What is hiding behind the public relations curtain?

Peter Himler has an interesting post about a story in the on the consultancy’s public relations operation for .  He asks?

What possible benefit can Wal-Mart have derived from shining a spotlight on what it receives for its “$10 million” PR fee? This was one story request that should have been declined — unless you can give me an example, outside of a trade publication, where the machinations of a PR team were portrayed in a positive light, let alone one embroiled in a highly contentious business and labor environment.

Does the move evidence openness and transparency at Wal-Mart?  Is it a sign of maturation of PR to discuss $10 million spend as for any other operational activity?  Or is the article simply promotion for Edelman?

(1998) criticised the “invisible art” of PR where its role in influencing media is largely unrecognised by the public.  With new media and greater public awareness of public relations, a spotlight is being shone more and more on the behind the scenes workings of the practice.  Is this a good thing? 

reports on the recent fuss about the revelations of how public relations consultancy Waggener Edstrom prepared briefings on journalists for their client Microsoft – calling this “a very rare glimpse behind the proverbial curtain

Are we actually hiding behind a curtain today with so many text books on public relations explaining, advocating and theorising about our practices?    Is PR really involved in mystical  as implied by Michie – isn’t the reality more mundane?  Are we afraid that like magicians, our power will dissipate if the workings are revealed?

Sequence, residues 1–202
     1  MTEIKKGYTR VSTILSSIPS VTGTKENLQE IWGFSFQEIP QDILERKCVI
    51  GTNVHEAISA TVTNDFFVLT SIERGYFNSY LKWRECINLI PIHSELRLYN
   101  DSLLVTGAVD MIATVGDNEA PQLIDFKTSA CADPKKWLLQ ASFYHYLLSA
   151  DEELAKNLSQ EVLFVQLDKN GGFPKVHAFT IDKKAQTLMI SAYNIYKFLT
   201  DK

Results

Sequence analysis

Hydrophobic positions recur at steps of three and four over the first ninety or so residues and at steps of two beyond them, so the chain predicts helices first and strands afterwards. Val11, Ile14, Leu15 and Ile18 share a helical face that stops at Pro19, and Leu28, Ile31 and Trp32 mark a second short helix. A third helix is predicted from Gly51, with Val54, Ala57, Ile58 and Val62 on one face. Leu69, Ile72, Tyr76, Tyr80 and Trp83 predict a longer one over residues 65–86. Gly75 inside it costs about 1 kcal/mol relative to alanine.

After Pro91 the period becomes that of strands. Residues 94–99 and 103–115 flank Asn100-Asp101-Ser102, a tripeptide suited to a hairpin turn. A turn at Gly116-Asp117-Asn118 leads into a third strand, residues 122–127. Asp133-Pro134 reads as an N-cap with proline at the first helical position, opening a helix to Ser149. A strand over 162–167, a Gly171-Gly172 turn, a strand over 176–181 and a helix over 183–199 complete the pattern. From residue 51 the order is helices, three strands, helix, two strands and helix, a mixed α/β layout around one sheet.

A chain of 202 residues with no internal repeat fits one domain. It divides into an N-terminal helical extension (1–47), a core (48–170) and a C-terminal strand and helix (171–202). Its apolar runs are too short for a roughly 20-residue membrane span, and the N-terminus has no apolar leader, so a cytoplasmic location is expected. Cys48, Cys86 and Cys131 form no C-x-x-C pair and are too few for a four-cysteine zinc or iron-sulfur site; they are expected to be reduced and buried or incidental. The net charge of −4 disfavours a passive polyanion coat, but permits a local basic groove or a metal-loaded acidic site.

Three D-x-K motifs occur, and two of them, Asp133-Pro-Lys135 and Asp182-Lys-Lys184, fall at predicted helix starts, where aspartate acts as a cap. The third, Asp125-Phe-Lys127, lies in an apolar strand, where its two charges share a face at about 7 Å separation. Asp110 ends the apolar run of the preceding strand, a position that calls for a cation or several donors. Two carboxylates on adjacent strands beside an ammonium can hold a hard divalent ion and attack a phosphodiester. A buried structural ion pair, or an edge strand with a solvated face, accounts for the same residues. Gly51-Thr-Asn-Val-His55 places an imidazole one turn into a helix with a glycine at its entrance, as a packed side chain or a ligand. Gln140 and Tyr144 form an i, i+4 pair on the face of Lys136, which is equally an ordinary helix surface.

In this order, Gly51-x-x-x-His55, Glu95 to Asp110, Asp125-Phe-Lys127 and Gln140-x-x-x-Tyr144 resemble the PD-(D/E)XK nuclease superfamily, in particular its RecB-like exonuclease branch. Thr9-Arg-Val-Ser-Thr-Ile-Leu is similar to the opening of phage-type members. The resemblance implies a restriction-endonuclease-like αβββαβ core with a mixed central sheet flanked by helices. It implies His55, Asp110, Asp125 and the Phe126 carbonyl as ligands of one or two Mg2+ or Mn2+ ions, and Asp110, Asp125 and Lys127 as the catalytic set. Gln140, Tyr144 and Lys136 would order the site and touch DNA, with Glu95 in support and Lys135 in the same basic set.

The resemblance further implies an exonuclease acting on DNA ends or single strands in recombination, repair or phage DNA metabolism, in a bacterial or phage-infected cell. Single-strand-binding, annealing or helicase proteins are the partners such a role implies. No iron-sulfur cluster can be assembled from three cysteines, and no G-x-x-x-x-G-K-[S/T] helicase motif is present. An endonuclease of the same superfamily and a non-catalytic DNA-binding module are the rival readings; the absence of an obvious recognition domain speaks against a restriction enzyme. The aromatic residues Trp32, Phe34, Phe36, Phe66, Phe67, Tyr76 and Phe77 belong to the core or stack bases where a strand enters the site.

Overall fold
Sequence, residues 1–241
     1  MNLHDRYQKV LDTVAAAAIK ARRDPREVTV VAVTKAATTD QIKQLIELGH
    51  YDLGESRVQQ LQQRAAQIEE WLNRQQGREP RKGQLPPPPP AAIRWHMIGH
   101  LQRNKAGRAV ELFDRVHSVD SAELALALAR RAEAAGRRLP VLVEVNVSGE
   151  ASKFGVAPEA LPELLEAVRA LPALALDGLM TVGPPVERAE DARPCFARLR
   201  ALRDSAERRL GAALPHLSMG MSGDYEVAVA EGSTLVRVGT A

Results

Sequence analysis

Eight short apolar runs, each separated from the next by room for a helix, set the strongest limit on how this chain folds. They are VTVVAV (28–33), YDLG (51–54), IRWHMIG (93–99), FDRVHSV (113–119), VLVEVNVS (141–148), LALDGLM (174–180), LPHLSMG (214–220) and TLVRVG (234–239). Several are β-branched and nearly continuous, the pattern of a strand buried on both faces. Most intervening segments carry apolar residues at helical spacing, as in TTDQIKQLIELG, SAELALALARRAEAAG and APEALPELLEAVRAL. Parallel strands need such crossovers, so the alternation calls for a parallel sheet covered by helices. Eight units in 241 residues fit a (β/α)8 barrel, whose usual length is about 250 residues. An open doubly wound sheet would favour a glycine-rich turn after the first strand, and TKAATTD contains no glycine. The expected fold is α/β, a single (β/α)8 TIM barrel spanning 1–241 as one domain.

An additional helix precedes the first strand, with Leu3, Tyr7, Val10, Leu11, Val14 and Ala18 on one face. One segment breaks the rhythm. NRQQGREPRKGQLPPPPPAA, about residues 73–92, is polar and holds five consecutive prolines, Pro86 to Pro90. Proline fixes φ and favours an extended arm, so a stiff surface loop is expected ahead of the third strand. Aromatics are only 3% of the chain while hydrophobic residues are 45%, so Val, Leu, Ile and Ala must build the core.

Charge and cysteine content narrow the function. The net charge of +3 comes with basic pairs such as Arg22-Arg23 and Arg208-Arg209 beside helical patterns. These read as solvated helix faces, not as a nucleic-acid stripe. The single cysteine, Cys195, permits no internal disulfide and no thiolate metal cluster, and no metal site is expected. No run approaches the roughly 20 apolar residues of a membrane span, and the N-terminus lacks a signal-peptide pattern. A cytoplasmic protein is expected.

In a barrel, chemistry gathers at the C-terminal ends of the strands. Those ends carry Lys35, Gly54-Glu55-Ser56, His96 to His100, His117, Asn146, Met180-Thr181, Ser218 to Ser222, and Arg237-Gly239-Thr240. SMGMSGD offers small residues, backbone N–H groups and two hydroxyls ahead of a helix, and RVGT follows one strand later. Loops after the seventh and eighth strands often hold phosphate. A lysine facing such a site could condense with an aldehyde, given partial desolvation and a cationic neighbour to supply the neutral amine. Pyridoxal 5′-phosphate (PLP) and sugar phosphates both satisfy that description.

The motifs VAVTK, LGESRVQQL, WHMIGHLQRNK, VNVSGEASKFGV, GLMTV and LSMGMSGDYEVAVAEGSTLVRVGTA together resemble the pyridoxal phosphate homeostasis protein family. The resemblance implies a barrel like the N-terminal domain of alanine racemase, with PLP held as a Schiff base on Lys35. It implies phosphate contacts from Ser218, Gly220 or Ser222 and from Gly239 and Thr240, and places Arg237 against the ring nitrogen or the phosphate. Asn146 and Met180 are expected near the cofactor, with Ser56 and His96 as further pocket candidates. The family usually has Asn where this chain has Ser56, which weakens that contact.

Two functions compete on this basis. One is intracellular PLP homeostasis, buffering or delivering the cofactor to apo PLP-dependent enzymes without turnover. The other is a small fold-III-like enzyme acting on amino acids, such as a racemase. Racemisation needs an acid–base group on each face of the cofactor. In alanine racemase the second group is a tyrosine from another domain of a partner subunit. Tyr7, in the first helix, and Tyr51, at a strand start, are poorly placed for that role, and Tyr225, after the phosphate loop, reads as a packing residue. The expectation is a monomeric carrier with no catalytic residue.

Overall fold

Doesn’t greater transparency counter criticisms of public relations as evil, manipulative, , and  ?  Or is that what is really hiding behind the curtain?

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Heather Yaxley PhD

Dr. Heather Yaxley is passionate about sustainable careers, reflective practice and professional development. I am a rhizomatic educator, practitioner, consultant, academic and scholar. As a qualified academic, I teach the CIPR professional qualifications with PR Academy and have experience teaching at various Universities. I run the Motor Industry Public Affairs Association (MIPAA) and my own strategic consultancy. I was awarded by PhD researching Career Strategies in Public Relations by Bournemouth University in 2017. I'm a published author, with books, chapters and academic papers to my name.

2 thoughts on “What is hiding behind the public relations curtain?”

  1. Of course, if public relations is about press agentry, the cat is out of the bag. If it is propaganda (Moloney) its days are numbered. If it is about marketing, it will die with its master. If it is about aiding convergence of values, it is jolly hard work and anyone who can do it well, will be valueable beyond measure.

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